AI, automation and the future of work – beyond the usual bubbles

Source: Economic Policy Institute, https://www.epi.org/publication/charting-wage-stagnation/


AI, automation and the future of work – beyond the usual bubbles

Source: Economic Policy Institute, https://www.epi.org/publication/charting-wage-stagnation/


There are simply no grounds to assume that AI and automation will automatically make us wealthier as a society or that the increased wealth will be distributed evenly. We should thus be equally prepared for more negative scenarios and discuss how to mitigate the consequences. For instance, would it be acceptable to treat AI processes like human labor? If so, we could consider taxing them to support redistribution of wealth or to finance training or benefits and pensions for displaced workers.

In addition, these estimates should be questioned on a basic level. Who can confidently say that this job will decline? How can we know what kind of jobs there will be in future? None of these projections are truly reliable or objective – they are primarily based on some group of people’s opinions. For instance, the WEF’s Future of Jobs Report, one of the most influential reports on this topic, is based on employer surveys. But it is simply naive to think anyone, let alone a cadre of arbitrary business leaders, can have a confident understanding of which jobs and skills will be required in the future. One should not expect more from this than from fortune telling at a fair. Just take a look at the predictions about cars in the early 19th century, remote shopping in the 1960s, cell phones in the 1980s, or computers since the 1940s. So many tech predictions have been so utterly wrong, why should this change now? And yet, such predictions are a key element in the estimates for the “future of work”.

Fact is, scientifically sound research on this topic is extremely scarce. One of the few papers in this area studied the impact of AI on labor markets in the US from 2007 to 2018. The authors (from MIT, Princeton and Boston University) found that greater AI exposure within businesses is associated with lower hiring rates, i.e., that AI adoption has so far been concentrated on substitution as opposed to augmentation of jobs. The same paper also finds no evidence that the large productivity effects of AI will increase hiring. Some people may be tempted to say that this supports the dystopian view. However, we must also note that this study is based on online vacancy data, and thus the results should be treated with caution, as we explained in detail in one of our other posts. In addition, due to the dynamics of technological innovation and adoption, it is almost impossible to extrapolate and project such findings to make robust predictions for future developments.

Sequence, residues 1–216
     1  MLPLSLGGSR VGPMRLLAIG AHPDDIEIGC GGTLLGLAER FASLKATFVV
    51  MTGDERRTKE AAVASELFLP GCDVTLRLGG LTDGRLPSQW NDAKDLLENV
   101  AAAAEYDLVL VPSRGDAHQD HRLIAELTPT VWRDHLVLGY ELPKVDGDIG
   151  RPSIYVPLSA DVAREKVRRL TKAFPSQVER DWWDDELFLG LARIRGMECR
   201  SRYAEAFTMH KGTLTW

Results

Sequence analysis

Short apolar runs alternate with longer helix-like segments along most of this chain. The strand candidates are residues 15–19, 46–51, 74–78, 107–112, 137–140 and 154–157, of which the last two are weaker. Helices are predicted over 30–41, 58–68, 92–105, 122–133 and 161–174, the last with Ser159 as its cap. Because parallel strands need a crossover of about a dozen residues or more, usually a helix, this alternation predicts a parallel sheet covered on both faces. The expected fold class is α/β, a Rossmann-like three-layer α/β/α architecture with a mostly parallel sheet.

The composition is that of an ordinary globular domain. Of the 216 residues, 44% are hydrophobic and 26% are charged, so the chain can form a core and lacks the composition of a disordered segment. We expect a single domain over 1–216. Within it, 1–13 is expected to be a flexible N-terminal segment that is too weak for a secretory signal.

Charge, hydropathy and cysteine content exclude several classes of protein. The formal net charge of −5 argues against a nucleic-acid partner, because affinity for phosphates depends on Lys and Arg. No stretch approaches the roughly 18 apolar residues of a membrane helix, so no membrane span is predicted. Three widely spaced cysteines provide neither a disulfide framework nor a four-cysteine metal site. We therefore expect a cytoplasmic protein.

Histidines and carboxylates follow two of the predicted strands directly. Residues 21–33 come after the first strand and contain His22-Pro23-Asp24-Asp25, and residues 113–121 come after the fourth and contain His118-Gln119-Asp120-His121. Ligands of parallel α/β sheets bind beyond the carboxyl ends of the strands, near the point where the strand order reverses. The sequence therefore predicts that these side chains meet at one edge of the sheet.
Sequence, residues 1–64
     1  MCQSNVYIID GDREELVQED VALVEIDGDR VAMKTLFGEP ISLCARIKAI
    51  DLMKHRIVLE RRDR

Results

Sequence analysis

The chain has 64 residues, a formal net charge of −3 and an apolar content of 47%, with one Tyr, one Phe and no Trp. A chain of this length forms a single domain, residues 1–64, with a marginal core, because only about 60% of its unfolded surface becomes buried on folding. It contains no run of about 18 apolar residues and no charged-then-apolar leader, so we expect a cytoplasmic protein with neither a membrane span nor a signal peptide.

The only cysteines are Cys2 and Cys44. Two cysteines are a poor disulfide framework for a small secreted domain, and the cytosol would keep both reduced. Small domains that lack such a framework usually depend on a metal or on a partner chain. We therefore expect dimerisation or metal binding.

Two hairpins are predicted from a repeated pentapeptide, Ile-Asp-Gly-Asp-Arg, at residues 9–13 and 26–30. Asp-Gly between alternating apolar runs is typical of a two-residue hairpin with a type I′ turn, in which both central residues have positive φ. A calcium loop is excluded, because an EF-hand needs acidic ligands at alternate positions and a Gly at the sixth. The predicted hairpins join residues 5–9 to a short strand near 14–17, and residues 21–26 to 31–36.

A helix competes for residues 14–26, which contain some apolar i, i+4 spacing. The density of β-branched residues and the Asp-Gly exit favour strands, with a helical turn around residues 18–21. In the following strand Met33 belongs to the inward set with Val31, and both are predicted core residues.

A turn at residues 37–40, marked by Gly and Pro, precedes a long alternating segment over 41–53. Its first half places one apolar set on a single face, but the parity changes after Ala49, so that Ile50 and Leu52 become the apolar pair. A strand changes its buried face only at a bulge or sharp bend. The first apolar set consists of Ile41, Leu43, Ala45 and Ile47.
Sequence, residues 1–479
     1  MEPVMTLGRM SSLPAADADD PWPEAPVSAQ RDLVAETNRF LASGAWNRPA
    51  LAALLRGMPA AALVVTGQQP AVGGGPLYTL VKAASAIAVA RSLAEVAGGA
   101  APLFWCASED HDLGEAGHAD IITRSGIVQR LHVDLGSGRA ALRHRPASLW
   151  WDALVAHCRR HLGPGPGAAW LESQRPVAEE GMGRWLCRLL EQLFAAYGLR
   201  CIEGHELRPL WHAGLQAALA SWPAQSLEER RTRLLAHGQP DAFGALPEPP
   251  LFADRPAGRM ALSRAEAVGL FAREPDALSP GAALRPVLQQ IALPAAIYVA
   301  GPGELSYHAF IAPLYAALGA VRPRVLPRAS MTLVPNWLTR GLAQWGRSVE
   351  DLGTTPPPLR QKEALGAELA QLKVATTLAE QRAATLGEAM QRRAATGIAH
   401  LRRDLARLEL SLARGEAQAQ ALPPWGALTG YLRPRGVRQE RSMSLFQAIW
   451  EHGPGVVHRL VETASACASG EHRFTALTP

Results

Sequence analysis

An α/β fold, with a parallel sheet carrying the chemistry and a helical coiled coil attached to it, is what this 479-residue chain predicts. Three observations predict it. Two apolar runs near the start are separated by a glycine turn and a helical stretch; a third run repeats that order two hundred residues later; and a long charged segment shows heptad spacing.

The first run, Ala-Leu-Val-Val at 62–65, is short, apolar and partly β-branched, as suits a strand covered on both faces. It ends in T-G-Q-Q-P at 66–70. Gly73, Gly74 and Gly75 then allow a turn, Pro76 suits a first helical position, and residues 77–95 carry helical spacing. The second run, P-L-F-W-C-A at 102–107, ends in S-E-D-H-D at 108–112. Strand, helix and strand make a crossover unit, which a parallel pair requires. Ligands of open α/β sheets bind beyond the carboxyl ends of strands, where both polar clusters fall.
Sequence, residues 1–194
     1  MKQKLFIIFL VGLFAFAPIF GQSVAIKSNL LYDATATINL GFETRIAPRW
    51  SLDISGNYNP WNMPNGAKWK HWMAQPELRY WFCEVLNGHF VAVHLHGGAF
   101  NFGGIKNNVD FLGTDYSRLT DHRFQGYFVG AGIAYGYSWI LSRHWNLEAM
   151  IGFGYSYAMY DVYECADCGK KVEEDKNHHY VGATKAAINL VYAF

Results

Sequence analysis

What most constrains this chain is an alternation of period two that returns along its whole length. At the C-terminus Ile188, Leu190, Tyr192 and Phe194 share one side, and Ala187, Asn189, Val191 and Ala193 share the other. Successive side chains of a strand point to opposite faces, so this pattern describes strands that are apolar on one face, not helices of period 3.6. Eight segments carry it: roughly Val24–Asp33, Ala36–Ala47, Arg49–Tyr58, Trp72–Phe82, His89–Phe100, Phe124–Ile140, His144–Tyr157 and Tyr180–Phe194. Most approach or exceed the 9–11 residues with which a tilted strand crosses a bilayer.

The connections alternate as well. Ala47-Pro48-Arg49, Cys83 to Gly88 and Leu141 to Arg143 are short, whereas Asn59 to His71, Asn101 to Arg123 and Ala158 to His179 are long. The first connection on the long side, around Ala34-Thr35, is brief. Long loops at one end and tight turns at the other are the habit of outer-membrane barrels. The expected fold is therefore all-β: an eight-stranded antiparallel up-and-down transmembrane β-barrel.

And on a more philosophical note, what would it mean for human existence if we worked substantially less? Work is ingrained in our very nature; it is a defining trait.

Claim 2: Computers are good at what we find hard and bad at what we find easy

Hard and easy for who? Luckily, we do not all have the same strengths and weaknesses, so clearly, we do not all find the same tasks “easy” and “hard”. This is just yet another extremely generalizing statement based on completely subjective judgement. And if it were true, then most people would probably consider repetitive tasks as typically easy, or at least easier. This directly contradicts the next claim:

Claim 3: AI will (only) destroy repetitive jobs and will generate more interesting, higher-value ones.

The WEF states that AI will automate repetitive tasks like data entry and assembly line manufacturing, “allowing workers to focus on higher-value and higher-touch tasks” with “benefits for both businesses and individuals who will have more time to be creative, strategic, and entrepreneurial.” BCG talks of the “shift from jobs with repetitive tasks in production lines to those in the programming and maintenance of production technology” and how “the removal of mundane, repetitive tasks in legal, accounting, administrative, and similar professions opens the possibility for employees to take on more strategic roles”. The question is, who exactly benefits from this? Not every worker who is able to perform repetitive tasks has the potential to take on strategic, creative and entrepreneurial roles, or program and maintain production technology. It is simply a fact that not everyone can be trained for every role. More satisfying, interesting tasks for intellectuals (such as the advocates of a brighter future of work thanks to AI) may simply be too challenging for the average blue-collar worker whose job – which may well have been perfectly satisfying to them – has just been automated. And not every white-collar worker can or wants to be an entrepreneur or strategist. Also, what exactly does “higher-value” mean? Who benefits from this? The new jobs created so far, like Amazon warehouse workers, or Uber and Postmates drivers, are not exactly paying decent, secured living wages. And since the early 1970s, businesses have demonstrated a clear disinterest in sharing the added value from productivity gains with workers: